Chad Wolf, the acting secretary of the Department of Homeland Security, traveled to El Salvador this week to finalize implementation plans for the agreement. Under the accord, “certain migrants requesting asylum or similar humanitarian protection at the U.S. border will be transferred to El Salvador to seek protection in El Salvador,” DHS said in a statement.
Homeland security officials have insisted their intent is not to use the agreements to discourage vulnerable migrants from coming to the United States to find a safe place, but to allow them to reach safety closer to their home countries. In a statement, Wolf called the agreement “a critical step in the establishment of a truly regional approach to migration, and, more specifically, to the offer of protection to those migrants who are victims of persecution.”
El Salvador, Honduras and Guatemala have some of the highest homicide rates in the world, and transnational gangs and criminal groups that operate in all three countries practice extortion, forced recruitment of minors and human trafficking to terrorize local populations, sending victims fleeing for their lives.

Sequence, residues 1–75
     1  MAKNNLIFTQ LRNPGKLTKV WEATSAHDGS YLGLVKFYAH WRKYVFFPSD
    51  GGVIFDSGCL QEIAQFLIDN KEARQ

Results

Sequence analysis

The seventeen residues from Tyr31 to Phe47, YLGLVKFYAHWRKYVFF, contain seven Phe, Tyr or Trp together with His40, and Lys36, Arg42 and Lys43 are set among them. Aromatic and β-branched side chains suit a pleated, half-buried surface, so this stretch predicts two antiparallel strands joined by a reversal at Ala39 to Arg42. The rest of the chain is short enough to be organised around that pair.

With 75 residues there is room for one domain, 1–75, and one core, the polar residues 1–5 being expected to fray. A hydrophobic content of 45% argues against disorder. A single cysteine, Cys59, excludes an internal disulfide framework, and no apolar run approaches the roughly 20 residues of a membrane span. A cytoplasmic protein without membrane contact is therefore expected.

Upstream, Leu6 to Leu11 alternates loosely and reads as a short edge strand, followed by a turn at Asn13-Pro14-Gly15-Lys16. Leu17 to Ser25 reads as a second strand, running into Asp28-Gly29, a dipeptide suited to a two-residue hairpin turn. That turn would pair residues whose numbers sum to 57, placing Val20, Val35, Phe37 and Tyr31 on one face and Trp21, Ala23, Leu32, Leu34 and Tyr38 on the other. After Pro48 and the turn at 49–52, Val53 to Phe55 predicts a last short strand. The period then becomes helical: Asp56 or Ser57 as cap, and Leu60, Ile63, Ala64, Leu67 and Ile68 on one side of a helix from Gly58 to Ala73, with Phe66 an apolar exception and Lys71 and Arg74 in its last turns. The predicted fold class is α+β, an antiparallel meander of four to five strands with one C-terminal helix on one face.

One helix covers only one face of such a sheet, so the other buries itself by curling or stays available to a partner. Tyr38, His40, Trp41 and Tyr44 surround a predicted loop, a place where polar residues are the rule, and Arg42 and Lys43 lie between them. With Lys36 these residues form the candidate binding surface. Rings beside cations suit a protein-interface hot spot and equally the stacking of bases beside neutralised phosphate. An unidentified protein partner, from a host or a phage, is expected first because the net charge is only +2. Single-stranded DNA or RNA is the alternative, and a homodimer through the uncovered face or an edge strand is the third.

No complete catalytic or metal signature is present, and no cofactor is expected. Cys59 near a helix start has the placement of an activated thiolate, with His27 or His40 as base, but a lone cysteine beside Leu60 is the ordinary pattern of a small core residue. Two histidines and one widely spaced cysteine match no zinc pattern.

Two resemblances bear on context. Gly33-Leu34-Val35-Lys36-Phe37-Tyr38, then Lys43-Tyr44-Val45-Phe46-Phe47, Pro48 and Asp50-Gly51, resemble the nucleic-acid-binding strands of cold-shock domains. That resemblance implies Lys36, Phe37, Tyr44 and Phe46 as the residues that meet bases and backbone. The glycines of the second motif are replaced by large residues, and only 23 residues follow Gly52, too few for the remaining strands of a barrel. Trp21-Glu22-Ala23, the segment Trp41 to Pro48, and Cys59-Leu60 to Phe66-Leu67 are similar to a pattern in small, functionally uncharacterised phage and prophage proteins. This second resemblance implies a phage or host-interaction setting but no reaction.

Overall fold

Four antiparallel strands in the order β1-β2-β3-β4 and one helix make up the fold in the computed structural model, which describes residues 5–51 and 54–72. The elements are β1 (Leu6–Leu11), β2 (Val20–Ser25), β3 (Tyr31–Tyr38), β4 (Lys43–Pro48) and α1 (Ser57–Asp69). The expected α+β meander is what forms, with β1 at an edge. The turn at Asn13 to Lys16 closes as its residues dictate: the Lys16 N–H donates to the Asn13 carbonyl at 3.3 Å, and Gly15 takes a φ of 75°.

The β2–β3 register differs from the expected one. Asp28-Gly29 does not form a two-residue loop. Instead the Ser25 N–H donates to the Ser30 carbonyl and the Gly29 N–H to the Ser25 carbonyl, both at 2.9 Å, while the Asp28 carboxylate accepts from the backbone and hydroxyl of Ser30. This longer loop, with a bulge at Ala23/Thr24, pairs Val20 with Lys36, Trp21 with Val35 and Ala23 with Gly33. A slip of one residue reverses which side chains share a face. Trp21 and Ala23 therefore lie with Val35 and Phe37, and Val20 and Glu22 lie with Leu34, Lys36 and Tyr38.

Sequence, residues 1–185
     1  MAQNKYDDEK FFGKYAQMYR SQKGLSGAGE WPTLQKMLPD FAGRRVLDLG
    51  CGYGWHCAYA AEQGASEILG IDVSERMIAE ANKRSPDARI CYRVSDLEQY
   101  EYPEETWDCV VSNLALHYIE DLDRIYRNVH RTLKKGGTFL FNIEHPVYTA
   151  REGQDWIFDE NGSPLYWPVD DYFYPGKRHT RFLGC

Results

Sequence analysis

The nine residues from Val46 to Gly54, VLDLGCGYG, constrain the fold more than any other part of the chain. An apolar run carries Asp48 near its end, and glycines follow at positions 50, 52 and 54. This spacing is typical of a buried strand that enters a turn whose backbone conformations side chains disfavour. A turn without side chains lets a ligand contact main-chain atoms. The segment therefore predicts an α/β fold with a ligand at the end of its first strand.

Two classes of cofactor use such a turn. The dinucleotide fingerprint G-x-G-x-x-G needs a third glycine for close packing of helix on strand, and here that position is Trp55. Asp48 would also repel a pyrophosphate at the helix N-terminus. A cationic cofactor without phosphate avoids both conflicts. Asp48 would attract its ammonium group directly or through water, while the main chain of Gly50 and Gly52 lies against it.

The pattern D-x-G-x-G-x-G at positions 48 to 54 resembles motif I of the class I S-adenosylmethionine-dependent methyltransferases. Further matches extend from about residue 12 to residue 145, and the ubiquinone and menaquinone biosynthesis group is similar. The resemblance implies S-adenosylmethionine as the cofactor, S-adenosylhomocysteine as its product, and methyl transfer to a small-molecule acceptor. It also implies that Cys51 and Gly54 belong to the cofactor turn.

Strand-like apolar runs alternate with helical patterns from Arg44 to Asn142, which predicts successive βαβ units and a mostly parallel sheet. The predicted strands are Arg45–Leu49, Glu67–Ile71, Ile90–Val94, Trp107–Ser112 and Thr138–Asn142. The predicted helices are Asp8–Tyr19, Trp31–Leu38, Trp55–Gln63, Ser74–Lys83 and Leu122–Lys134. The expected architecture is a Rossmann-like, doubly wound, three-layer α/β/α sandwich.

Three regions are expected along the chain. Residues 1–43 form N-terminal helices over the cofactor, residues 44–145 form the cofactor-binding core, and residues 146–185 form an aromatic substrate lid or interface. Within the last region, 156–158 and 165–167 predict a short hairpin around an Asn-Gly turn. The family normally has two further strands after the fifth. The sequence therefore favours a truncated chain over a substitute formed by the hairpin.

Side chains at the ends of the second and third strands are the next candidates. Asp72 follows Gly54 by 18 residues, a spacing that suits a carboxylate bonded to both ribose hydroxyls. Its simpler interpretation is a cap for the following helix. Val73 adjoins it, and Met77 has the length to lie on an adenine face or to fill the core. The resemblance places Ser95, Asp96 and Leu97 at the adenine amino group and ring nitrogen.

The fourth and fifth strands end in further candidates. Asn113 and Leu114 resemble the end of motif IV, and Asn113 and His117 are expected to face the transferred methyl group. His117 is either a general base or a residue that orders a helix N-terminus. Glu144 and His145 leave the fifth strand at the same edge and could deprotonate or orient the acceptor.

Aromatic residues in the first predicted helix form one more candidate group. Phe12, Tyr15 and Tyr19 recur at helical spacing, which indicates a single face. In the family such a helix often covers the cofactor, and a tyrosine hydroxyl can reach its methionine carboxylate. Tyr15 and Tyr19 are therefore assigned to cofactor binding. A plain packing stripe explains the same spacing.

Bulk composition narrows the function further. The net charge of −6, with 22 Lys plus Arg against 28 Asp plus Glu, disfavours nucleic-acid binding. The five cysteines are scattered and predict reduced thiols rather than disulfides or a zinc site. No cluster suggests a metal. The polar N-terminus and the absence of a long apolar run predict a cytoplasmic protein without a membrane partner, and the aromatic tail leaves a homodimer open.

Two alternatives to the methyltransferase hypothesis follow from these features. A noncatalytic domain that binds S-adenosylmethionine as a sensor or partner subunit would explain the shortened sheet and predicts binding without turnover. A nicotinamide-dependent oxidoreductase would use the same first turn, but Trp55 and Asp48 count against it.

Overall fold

Under Bukele, El Salvador’s murder rate has dropped, but his government’s heavy hand and crackdown on dissent has raised concerns about creeping authoritarian rule.
“Implementation of the ACA will involve and facilitate cooperation between the two governments to expand El Salvador’s systems for offering humanitarian protections,” DHS said.
A report by Refugees International and Human Rights Watch found extensive problems with the implementation of the agreement in Guatemala, where the United States sent nearly 1,000 asylum seekers between November 2019 and March 2020. Just 2 percent of the migrants who were returned to Guatemala applied to seek asylum there, with the rest apparently giving up and going home, according to the report.
Vice President-elect Kamala D. Harris has criticized the agreements with Central American countries. President-elect Joe Biden’s transition team did not immediately respond to a request for comment on its plans, but Biden’s detailed policy agenda for Central America makes no specific mention of canceling the accords.
Instead, Biden’s plans echo some of the same statements the Trump administration has made about allowing migrants to seek protection without undertaking the dangerous journey to the United States.
Biden’s Central America plan also calls for the restoration of an Obama-era program — canceled by Trump — that allowed U.S. embassies in the region to process requests for asylum from Central American minors. Notably, Biden’s plan also says his administration will “expand efforts to register and process refugees in the region for resettlement in the U.S. and other countries,” an indication that the incoming administration might look to keep the asylum agreements at least partly in place.